N2 - I intend to explore the likely networking technologies to mature over the next decade, and the implications on other fields of information systems and society. I have chosen to restrict myself to the decade timescale since predicting beyond that time frame is likely to be writing science fiction. This article addresses two major themes. The first explores at the 10,000-foot level the major technology changes one expects to bear fruit over the next decade; the second explores the implications of these changes on our society. Since the time the talk on which this article is based was given, the world has changed. The need for security and robustness of our electronic infrastructure has dramatically increased, and our understanding of how to do this unfortunately has not kept up with the need. In many countries, there is an increasing strain between the privacy desires of citizens and the desire for safety. In many industries, such as music and motion pictures, the rapid expansion of digital content and the ease of distribution of that content has created demands for increased protection, much of which must be implemented in computer hardware and networking protocols. How this will impact the perceived right of the public to fair use of that material is a battle being fought in the legislature and the courts. First let me explore the technological directions of the next decade.

AB - I intend to explore the likely networking technologies to mature over the next decade, and the implications on other fields of information systems and society. I have chosen to restrict myself to the decade timescale since predicting beyond that time frame is likely to be writing science fiction. This article addresses two major themes. The first explores at the 10,000-foot level the major technology changes one expects to bear fruit over the next decade; the second explores the implications of these changes on our society. Since the time the talk on which this article is based was given, the world has changed. The need for security and robustness of our electronic infrastructure has dramatically increased, and our understanding of how to do this unfortunately has not kept up with the need. In many countries, there is an increasing strain between the privacy desires of citizens and the desire for safety. In many industries, such as music and motion pictures, the rapid expansion of digital content and the ease of distribution of that content has created demands for increased protection, much of which must be implemented in computer hardware and networking protocols. How this will impact the perceived right of the public to fair use of that material is a battle being fought in the legislature and the courts. First let me explore the technological directions of the next decade.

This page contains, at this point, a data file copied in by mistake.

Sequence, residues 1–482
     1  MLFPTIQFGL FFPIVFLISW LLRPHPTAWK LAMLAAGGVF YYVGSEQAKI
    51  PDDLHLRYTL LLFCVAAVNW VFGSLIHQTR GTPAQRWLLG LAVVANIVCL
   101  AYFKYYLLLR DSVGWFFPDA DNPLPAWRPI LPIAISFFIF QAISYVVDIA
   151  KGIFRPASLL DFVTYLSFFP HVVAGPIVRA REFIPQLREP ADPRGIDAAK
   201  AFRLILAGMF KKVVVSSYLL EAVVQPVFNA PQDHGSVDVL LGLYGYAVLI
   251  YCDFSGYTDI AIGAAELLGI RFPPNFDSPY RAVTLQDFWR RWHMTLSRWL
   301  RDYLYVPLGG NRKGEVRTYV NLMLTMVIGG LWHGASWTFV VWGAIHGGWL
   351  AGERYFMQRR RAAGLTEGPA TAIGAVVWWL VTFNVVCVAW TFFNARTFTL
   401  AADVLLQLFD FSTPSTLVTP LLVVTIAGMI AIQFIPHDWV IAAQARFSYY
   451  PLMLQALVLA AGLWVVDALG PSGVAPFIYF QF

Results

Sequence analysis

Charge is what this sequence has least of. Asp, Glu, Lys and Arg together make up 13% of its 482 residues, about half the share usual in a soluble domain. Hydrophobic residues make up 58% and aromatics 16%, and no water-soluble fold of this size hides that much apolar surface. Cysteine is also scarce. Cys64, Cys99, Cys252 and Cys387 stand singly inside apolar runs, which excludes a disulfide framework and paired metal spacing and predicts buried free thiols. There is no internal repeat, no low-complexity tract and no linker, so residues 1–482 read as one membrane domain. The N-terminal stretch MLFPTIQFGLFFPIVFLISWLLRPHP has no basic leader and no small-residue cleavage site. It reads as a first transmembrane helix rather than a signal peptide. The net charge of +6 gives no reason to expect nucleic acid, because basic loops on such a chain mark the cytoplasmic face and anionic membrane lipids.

UR - http://www.scopus.com/inward/record.url?scp=0036645974&partnerID=8YFLogxK

UR - http://www.scopus.com/inward/citedby.url?scp=0036645974&partnerID=8YFLogxK

U2 - 10.1109/MCOM.2002.1018009

DO - 10.1109/MCOM.2002.1018009

M3 - Article

AN - SCOPUS:0036645974

VL - 40

SP - 67

EP - 71

JO - IEEE Communications Magazine

JF - IEEE Communications Magazine

SN - 0163-6804

IS - 7

ER -